Nathan Wyatt, an alleged member of “The Dark Overlord” hacking collective, has been extradited to the United States to face charges over extortion racket.
On December 18, it has been reported that according to an announcement from the U.S. Department of Justice, the charges relate to the purported theft of sensitive information from companies in the St. Louis area, and threats to release this information unless a ransom was paid in Bitcoin (BTC).
Wyatt pled not guilty to charges of aggravated identity theft, threatening to damage a protected computer, and conspiring to commit those and other computer fraud offenses, and was detained pending further proceedings.
However, he is alleged to have been a member of “The Dark Overlord” hacking group since 2016 and was indicted by a federal grand jury in November 2017. His detainment and extradition was a joint co-operative effort between the FBI and U.K. law enforcement.
Richard Quinn, FBI Special Agent, explained:
“Cyber hackers may no longer use territorial borders to shield themselves from accountability. This case is another example of how the FBI successfully works with international law enforcement partners to bring alleged perpetrators to justice.”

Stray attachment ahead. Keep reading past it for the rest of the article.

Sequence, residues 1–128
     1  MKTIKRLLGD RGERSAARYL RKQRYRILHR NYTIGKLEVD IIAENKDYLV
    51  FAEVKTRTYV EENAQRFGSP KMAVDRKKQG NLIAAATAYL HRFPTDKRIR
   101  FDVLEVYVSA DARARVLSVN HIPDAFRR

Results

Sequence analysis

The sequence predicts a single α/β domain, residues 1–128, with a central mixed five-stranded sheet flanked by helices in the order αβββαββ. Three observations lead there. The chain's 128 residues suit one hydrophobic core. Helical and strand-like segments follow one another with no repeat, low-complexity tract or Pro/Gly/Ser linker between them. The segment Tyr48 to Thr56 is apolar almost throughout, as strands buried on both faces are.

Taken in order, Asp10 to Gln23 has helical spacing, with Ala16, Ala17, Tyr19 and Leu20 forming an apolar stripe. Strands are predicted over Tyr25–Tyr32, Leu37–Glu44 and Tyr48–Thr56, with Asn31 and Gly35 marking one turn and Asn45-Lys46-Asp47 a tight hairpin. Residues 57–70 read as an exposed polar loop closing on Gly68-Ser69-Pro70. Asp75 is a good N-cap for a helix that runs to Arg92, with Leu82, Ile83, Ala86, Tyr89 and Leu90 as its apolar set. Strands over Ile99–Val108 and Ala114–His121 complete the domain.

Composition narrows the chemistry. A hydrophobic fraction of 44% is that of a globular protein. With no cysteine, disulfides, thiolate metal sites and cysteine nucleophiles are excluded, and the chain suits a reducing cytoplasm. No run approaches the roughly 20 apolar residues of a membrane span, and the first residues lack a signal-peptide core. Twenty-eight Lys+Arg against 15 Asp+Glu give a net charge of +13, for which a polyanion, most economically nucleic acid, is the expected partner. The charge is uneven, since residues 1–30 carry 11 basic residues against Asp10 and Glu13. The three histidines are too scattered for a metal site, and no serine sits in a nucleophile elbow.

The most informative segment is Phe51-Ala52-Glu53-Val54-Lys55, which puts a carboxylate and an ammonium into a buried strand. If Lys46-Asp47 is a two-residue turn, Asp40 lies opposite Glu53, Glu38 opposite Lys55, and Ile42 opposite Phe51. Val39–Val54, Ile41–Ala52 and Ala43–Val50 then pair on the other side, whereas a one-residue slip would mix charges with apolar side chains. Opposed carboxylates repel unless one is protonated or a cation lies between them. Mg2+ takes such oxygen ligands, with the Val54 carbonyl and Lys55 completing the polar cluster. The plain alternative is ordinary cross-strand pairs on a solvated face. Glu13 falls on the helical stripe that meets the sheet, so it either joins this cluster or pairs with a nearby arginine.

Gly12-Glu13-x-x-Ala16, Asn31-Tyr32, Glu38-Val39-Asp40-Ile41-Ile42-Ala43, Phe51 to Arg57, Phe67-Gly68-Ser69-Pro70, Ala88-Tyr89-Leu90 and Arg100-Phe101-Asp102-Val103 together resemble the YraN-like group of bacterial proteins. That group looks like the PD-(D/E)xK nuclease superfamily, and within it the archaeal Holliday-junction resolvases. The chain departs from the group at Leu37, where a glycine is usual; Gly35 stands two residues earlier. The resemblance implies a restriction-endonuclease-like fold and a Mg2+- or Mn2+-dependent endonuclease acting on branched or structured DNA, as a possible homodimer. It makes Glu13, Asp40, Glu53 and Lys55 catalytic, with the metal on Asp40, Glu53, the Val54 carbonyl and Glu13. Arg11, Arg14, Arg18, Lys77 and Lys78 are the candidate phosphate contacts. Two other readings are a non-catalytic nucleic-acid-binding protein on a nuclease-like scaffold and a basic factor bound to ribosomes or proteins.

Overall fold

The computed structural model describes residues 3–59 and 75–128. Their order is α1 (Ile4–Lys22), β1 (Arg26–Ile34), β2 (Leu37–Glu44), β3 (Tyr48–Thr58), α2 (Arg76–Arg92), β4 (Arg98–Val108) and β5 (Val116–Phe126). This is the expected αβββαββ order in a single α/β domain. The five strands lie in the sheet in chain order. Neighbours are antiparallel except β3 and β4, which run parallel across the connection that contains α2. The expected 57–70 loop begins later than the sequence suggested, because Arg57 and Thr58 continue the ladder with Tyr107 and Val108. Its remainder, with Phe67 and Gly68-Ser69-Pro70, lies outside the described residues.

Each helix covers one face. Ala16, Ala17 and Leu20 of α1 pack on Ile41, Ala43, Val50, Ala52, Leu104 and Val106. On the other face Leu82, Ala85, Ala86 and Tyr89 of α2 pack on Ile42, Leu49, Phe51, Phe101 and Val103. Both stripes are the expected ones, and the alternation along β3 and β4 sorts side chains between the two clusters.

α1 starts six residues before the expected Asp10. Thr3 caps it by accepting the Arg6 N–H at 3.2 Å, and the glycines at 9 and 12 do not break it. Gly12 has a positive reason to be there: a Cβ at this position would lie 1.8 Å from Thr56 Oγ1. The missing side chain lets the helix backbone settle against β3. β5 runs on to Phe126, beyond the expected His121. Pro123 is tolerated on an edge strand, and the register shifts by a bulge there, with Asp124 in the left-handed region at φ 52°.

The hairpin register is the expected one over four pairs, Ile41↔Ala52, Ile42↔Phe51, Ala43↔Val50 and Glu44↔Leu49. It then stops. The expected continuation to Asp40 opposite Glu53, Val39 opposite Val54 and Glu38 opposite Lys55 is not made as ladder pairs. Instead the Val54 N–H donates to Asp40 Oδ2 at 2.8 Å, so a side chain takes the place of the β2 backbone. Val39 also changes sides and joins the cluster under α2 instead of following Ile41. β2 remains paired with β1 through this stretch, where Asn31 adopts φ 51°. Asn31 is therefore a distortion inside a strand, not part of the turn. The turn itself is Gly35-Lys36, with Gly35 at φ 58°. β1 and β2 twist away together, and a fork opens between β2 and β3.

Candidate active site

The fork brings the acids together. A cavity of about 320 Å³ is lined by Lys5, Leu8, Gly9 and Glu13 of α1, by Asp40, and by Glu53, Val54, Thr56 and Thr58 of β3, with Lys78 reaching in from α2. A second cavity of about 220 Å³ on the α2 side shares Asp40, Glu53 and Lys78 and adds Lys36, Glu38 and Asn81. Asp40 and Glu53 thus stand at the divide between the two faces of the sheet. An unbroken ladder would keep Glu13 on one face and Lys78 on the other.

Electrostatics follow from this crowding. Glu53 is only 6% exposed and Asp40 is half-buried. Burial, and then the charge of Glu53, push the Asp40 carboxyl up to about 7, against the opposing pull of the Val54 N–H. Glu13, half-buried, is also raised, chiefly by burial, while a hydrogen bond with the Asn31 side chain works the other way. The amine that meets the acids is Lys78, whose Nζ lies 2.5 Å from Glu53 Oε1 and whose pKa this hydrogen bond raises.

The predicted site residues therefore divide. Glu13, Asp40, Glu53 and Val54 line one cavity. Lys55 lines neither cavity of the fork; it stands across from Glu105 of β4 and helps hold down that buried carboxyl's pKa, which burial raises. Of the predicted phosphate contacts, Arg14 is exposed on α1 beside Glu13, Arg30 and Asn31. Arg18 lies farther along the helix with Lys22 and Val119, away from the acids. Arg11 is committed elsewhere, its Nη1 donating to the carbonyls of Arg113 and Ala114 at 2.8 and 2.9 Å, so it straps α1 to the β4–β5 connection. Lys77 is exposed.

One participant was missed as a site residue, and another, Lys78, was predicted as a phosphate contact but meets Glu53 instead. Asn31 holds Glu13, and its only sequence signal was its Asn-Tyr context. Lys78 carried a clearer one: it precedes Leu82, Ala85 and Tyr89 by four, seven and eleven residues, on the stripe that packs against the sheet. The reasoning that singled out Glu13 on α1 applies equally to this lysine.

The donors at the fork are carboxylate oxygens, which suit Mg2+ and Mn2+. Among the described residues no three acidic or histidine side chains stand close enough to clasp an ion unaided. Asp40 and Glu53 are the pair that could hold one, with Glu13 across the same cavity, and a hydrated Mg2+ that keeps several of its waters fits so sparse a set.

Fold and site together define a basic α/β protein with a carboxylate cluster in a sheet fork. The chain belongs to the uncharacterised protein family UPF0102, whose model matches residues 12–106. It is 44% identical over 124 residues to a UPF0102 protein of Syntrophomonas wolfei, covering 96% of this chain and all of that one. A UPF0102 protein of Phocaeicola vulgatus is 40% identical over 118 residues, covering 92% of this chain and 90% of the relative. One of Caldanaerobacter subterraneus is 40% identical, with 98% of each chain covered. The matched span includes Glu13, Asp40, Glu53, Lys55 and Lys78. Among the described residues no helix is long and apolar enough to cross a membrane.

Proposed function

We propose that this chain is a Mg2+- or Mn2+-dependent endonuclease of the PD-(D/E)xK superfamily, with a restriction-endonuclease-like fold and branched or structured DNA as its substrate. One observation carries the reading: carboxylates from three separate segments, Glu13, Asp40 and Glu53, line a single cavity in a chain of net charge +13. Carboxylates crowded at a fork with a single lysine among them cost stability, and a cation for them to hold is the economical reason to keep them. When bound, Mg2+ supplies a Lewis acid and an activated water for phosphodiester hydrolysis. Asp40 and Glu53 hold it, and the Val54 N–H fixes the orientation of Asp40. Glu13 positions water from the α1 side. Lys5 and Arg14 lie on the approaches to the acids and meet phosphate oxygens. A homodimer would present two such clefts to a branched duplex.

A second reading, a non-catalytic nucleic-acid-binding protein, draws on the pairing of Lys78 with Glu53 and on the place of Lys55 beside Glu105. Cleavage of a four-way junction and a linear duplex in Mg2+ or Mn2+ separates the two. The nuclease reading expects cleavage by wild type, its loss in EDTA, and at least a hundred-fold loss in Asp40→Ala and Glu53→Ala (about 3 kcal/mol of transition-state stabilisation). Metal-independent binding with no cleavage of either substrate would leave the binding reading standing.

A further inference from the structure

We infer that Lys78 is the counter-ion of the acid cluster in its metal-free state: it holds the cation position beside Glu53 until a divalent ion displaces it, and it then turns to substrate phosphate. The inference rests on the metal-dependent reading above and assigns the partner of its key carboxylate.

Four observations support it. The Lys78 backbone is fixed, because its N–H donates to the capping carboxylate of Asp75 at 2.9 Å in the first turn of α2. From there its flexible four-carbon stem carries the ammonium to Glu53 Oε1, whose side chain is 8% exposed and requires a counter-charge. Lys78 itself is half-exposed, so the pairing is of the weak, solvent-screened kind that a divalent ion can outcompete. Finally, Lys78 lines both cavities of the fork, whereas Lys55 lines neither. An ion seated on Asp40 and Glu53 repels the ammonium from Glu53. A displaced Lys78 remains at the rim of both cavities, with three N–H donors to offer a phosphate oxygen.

Brian A. Benczkowski, the Assistant Attorney General of the Justice Department’s Criminal Division, said:
“Today’s extradition shows that the hackers hiding behind The Dark Overlord moniker will be held accountable for their alleged extortion of American companies. We are thankful for the close cooperation of our partners in the United Kingdom in ensuring that the defendant will face justice in U.S. court.”
Similarly, Jeffrey B. Jensen, the U.S. Attorney of the Eastern District of Missouri, said:
“Cyber criminals who harm victims in the Eastern District of Missouri cannot hide behind international borders to evade justice. Today’s case demonstrates the United States’ commitment to unmasking criminal hackers and bringing them to justice, no matter where they may be located.”
Likewise, The Dark Overlord group was responsible for remotely accessing multiple corporate networks without authorization by obtaining sensitive information and threatening to release data on criminal marketplaces unless the victims paid a ransom in Bitcoin.
Victims in the St. Louis area included healthcare providers, accounting firms, and others.
Thus, Wyatt’s participation in the conspiracy is alleged to include creating email addresses and phone accounts used to send threatening and extortionate messages to certain victims.
Source: justice.gov | cointelegraph.com